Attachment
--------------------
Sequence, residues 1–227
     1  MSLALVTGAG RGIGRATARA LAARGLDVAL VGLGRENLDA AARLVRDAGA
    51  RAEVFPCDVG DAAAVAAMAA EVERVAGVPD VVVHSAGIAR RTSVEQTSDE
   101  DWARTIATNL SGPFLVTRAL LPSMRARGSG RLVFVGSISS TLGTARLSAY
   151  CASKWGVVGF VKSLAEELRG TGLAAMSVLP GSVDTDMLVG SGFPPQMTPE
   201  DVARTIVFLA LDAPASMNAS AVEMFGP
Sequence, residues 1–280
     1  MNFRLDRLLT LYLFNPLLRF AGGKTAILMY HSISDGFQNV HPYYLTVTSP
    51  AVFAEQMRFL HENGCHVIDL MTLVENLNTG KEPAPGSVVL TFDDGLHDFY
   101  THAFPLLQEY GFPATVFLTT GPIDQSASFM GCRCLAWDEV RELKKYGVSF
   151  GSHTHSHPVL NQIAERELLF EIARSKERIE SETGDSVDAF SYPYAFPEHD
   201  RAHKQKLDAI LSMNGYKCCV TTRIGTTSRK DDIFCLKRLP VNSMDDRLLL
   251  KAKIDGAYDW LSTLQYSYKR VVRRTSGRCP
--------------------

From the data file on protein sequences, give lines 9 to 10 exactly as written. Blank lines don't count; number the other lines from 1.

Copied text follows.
    51  AVFAEQMRFL HENGCHVIDL MTLVENLNTG KEPAPGSVVL TFDDGLHDFY
   101  THAFPLLQEY GFPATVFLTT GPIDQSASFM GCRCLAWDEV RELKKYGVSF